I recently returned from this year’s Botany conference in Edmonton, Alberta, Canada. It was held in the Shaw Conference Center overlooking the North Saskatchewan River. I presented on Monday during the Paleobotany student session. My talk focused on the leaf flora from the lower stratigraphic horizon at Blue Rim. This horizon has 20 non-monocot angiosperm leaf morphotypes. I used specific leaf characters that have been linked to climate to estimate the paleotemperature and paleoprecipitation. I also attended the Paleobotany Banquet, the ASPT (American Society of Plant Taxonomists) Banquet, and numerous talks. After the conference, I participated in a field trip exploring the post-glacial landscapes, history, and vegetation east of Edmonton. This excellent trip was led by Alwynne Beaudoin and Diana Tirlea from the Royal Alberta Museum.
My travel to Edmonton and participation in Botany 2015 was supported by the ASPT and NSF DEB award number 1404895.
Two of the leaf morphotypes (species) from Blue Rim. The leaf on the left is compound and toothed. The leaf on the right is simple and untoothed. Notice the large size of the leaf on the right. Scale bar for both = 1 cm.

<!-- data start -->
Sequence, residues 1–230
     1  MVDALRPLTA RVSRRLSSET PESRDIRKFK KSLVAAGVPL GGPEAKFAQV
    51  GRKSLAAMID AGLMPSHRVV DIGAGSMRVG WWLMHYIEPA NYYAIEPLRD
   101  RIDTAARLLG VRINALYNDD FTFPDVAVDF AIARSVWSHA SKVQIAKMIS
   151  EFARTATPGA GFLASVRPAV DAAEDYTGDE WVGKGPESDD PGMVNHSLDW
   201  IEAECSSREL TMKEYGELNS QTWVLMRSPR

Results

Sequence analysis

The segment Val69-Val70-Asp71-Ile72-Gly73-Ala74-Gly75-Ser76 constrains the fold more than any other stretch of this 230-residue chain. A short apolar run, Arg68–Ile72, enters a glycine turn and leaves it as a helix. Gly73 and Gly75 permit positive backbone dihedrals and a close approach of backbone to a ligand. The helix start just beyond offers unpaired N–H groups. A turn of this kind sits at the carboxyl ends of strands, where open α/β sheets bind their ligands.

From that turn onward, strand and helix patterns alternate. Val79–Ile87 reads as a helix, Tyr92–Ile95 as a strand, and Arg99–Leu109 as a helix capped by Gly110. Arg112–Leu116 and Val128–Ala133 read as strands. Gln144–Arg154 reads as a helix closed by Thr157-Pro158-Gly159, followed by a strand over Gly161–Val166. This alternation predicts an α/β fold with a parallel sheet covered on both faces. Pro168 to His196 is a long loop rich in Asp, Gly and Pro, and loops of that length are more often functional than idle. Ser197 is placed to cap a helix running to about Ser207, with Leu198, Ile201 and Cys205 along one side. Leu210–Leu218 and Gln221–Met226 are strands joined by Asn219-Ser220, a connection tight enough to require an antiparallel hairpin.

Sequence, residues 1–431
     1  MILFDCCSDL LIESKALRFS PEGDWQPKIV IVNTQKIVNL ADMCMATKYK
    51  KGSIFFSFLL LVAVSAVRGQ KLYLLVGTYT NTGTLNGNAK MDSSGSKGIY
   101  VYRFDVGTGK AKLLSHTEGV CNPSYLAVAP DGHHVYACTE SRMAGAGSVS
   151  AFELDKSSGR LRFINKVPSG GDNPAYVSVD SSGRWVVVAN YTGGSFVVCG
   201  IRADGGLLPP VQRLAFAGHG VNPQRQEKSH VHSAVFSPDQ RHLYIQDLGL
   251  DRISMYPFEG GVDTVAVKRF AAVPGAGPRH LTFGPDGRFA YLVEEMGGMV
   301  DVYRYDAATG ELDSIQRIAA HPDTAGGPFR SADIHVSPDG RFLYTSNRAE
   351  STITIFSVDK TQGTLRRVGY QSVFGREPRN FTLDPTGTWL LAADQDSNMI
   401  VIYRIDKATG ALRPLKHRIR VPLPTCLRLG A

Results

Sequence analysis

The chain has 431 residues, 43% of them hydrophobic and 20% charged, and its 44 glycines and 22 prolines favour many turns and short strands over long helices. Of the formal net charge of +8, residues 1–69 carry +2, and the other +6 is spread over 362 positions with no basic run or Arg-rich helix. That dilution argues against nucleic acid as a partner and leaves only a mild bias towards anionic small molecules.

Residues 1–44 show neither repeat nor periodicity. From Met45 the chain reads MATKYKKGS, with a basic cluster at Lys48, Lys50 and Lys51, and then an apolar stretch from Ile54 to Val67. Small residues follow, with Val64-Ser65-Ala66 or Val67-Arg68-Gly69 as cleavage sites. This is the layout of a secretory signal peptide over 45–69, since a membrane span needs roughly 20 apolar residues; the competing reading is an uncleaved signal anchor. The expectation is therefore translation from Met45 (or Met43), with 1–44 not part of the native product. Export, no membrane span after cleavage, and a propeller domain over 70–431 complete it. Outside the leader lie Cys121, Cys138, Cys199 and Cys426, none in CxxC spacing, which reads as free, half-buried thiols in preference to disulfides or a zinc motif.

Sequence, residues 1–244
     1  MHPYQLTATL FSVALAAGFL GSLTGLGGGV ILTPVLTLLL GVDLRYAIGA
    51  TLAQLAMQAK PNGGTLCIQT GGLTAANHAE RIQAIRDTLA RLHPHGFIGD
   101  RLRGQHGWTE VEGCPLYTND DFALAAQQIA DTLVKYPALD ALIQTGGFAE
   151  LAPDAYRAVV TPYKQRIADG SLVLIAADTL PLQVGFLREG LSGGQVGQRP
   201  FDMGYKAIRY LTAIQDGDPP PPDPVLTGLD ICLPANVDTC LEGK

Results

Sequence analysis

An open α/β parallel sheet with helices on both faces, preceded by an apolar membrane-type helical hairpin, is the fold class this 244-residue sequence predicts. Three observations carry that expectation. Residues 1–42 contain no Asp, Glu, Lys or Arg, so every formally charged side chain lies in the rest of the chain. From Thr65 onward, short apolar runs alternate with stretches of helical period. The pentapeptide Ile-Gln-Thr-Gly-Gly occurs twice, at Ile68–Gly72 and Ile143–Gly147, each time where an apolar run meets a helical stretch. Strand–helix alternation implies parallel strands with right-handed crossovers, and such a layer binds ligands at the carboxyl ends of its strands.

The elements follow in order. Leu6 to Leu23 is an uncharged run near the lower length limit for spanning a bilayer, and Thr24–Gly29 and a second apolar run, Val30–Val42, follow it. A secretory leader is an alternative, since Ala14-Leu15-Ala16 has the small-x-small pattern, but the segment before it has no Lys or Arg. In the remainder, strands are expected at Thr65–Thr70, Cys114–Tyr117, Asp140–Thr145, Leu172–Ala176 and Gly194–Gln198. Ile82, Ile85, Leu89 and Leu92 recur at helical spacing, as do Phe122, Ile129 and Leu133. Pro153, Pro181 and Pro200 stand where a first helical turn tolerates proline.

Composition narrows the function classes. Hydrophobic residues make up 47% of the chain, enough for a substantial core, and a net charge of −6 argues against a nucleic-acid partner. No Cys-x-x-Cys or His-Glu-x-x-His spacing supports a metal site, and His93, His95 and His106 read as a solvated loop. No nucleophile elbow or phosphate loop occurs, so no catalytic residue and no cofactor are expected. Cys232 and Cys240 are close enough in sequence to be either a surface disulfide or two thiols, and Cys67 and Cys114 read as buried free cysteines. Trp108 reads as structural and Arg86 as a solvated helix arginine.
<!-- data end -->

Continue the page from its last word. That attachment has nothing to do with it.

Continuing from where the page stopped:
View of the Shaw Conference Center in downtown Edmonton.
Foliage of Populus tremuloides (aspen). Aspen is the dominant tree species in and around Edmonton.
A male bison in Elk Island National Park.
A shallow lake at Elk Island National Park.
The North Saskatchewan River to the east of Edmonton near the site of a former Victorian fort and settlement.
Fossil palm flowers have been found at Blue Rim and other sites in the Rocky Mountain region. These flowers, representing a new species named Phoenix windmillis, are related to date palms. Modern date palms are native to Africa and southeast Asia, but are found in the Eocene of Wyoming, Colorado, and Utah. One of the flowers contained in situ pollen, which provided more characters to support the assignment of these specimens to Phoenix. This new species is documented in a paper that was recently published in the International Journal of Plant Sciences.
Two Phoenix windmillis flowers from Blue Rim. Scale bar = 5 mm
A flower from the Barrel Springs site in the Green River Formation. This site is in southern Wyoming to the east of Blue Rim. Scale bar = 5 mm
Pollen extracted from an intact anther of Phoenix windmillis and viewed using a scanning electron microscope (SEM). Scale bar = 23.1 µm. (Note: there are 1,000 µm in 1 mm)
The second week focused on the secondary plant body or wood. We studied the anatomical details of wood of both flowering plants and conifers. We also touched on the development, function, evolution, ecology, variability, and uses of wood. Week 2 was taught by Elisabeth Wheeler, Peter Gasson, and Pieter Baas – all experts in wood anatomy.
I would like to extend my thanks to all the instructors, the TA Becky Povilus, Faculty Assistant Jess Gard, and our awesome bus driver, Andrew Brown. Thank you also to Steve Manchester and Christine Davis who wrote letters of recommendation on my behalf.
Here are some photographs from the second week: